Arts and crafts time again! Something that was bothering me for ages is the N emblem on the front was all faded out. Picked up some basic model/craft paint during the week and thought I'd have a poke about and get it looking nicer. Turns out it looked way nicer just with a bit of a clean with some solvent.. but still not vivid enough for me. It took me ages to work out how I was going to do it with masking off so I could minimise the paint on the chrome. Ended up making a hash of it anyway but this is the first lot I did, and that turned out all good. Then this is the second lot and I couldn't figure out how to mask the inner bits so just gave up and made a mess. Quite a bit of the paint seemed to bleed through that paint tape but I managed to clean up the majority of it afterwards with some ear bud things and solvent. Finished product.. it's not super sharp around the edges but stand a few feet away and she's magic. Just brings that bit of something to the front where it was all silver/black before. Next I have to figure out the best way to refurbish the 2000GT badge on the front.. or maybe just leave it off for a while because I realised painting is quite hard. Also the front lip bugs me. I'm pretty sure it's warped somehow but it is flat on the bottom so hard to tell. Oh well, problem for another day.
  8. 1 point
    With a sunny day like today I thought it high time I got cracking on with some easy stuff. Plugs and leads is something even I can do.. of course needed a bit of coffee to get the brain working. Yipes, this coil's seen some shit. Lucky I have another on the way. In typical Japanese fashion the engine bay is super dirty. I forgot to take an after but the bonnet is now significantly less lubricated. Installed new NGK leads and plugs. The lead to the coil was a bit long as you can see, just cable tied it out of the way of the radiator fan more than anything. I love how the leads are numbered for idiots like me! One of these things is not like the other haha. Who's good at reading plugs? How does it look? After I changed the plugs/leads it was running like a bag of dicks missing and shit so I took off the dizzy cap and the points were super corroded. Bit of sandpaper and it runs mean now but I've got another cap due to arrive any day now anyway. Also took a quick vid on Instagram, so much excitement and noise to get to speed limit. It's a real event! https://instagram.com/p/9uxtRrmbK4/?taken-by=mlracing_alex" onclick="window.open(this.href);return false; Tbh I'm just beaming cause I did a thing and it made a difference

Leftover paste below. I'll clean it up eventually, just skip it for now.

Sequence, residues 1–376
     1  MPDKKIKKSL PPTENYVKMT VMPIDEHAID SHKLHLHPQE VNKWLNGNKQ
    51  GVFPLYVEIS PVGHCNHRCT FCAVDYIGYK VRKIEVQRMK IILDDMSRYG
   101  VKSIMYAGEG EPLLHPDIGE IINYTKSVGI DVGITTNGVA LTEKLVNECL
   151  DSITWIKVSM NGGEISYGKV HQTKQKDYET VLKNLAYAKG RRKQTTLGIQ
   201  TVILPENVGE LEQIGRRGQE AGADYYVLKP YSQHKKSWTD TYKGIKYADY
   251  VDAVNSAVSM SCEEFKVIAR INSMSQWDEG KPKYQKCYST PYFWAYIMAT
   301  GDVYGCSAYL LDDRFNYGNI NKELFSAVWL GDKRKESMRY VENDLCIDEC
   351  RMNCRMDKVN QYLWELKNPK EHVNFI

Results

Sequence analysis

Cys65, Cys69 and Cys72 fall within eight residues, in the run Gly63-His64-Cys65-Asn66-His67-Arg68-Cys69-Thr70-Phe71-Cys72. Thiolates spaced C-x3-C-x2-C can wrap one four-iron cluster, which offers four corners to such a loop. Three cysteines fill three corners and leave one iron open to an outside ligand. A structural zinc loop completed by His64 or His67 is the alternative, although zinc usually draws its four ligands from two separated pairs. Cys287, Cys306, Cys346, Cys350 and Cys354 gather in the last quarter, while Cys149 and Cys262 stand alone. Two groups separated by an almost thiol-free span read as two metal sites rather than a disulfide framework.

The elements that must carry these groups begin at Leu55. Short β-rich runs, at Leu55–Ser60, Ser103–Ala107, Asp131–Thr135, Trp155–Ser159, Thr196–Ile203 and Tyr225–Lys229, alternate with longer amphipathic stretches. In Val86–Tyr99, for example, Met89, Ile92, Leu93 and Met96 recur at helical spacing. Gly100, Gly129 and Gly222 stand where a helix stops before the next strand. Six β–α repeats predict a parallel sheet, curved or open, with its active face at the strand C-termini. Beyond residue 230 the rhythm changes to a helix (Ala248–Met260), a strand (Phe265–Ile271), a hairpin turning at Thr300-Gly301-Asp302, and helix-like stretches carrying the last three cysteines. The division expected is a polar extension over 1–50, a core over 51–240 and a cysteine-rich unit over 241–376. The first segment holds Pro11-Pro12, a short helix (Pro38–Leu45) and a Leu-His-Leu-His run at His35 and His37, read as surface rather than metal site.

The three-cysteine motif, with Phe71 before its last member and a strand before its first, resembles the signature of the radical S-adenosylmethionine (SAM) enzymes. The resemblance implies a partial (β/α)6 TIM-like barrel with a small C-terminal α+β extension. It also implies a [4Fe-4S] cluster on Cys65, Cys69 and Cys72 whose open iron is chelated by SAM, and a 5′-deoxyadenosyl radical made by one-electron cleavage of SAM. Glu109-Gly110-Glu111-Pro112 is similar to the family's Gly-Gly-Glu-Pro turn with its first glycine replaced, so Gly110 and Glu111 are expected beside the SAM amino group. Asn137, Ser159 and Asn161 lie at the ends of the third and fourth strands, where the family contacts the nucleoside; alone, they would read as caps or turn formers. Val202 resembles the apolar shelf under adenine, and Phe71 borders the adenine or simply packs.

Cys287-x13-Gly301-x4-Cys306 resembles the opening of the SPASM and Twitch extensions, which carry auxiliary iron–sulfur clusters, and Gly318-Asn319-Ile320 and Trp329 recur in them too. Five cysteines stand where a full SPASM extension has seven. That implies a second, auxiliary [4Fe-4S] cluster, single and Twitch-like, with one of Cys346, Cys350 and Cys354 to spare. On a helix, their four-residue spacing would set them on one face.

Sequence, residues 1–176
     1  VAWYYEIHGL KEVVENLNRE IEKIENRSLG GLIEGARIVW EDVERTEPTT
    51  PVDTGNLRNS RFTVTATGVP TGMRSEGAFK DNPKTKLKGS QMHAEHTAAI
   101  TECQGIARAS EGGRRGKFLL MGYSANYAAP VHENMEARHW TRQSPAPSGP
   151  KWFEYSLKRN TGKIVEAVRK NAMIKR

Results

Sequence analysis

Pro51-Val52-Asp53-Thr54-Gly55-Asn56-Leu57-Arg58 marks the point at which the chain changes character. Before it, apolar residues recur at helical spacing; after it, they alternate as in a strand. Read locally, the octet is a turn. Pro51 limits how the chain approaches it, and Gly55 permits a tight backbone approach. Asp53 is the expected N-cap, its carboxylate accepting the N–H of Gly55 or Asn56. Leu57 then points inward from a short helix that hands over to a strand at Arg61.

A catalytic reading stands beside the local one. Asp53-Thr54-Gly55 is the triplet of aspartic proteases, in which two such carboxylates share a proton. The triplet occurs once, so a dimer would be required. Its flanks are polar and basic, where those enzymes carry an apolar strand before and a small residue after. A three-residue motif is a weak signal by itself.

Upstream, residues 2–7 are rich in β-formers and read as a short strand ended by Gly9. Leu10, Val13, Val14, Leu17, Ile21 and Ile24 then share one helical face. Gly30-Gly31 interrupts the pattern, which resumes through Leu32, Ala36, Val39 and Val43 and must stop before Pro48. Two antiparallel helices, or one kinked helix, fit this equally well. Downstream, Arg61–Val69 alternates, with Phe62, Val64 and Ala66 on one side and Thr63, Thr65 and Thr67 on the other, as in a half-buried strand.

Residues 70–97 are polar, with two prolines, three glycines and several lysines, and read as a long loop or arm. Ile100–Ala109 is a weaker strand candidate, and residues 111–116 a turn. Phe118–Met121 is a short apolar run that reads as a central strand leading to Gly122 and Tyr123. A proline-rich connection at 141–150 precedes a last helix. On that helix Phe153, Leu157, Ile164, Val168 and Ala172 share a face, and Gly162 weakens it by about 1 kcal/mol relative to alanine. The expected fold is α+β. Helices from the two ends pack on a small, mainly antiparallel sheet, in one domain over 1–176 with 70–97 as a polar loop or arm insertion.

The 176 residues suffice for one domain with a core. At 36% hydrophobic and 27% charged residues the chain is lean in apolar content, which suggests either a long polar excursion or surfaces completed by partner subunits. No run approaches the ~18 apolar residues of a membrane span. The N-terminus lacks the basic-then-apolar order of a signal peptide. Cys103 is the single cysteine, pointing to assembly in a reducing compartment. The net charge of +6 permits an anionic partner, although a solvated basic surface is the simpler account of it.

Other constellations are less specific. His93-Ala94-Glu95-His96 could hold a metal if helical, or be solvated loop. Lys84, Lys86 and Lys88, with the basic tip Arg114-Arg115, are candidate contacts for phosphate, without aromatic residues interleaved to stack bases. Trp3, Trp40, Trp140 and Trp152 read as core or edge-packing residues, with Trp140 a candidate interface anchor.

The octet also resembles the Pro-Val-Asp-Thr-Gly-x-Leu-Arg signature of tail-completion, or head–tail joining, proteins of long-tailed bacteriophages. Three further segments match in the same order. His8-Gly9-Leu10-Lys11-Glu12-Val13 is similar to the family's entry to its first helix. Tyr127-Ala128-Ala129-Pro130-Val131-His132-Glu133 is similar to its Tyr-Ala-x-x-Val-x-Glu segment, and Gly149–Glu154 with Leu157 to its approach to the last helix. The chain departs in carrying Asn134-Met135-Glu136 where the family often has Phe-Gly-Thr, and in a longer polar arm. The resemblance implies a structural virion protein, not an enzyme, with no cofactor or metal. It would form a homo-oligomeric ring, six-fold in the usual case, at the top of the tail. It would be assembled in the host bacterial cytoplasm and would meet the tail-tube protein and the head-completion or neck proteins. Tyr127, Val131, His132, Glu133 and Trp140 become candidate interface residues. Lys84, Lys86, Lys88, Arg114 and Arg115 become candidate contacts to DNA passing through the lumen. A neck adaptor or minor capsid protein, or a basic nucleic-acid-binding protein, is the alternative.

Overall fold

9. 1 point
    Import a Chinese worker and get em to build both?
  10. 1 point
    Even if you turn off VDC your going to have a hard time doing a burnout in an auto V35 Reason being is as a safety feature When you press the accelerator and the break pedal at the same time, the the engine has its power cut to about 20%. Why you ask? well remember not so long ago all those people in Toyotas in the US who had their cars accelerator jam and then ended up driving along at 100mph+ to their deaths as they were too stupid to turn the key to the off position or move the gear stick into neutral. Most cars these days have engines powerful enough to overpower the brakes and as the brakes get hotter unless your running high temp pads the less they work. The whole idea is that if your pedal gets jammed as soon as you press the break pedal the engine has its power reduced to a level that the brakes are able to deal with and slow the car down Now you wonder how dose one bypass this in order to do a burnout? Pull off the fuse box kick panel in the car and remove the brake light fuse, now this may take some trial and error if you cant read Japanese Once the fuse is removed the car wont know that you are pressing the break pedal and allow 100% of the cars power to be used As you may notice by my avatar I may have had some experience doing this myself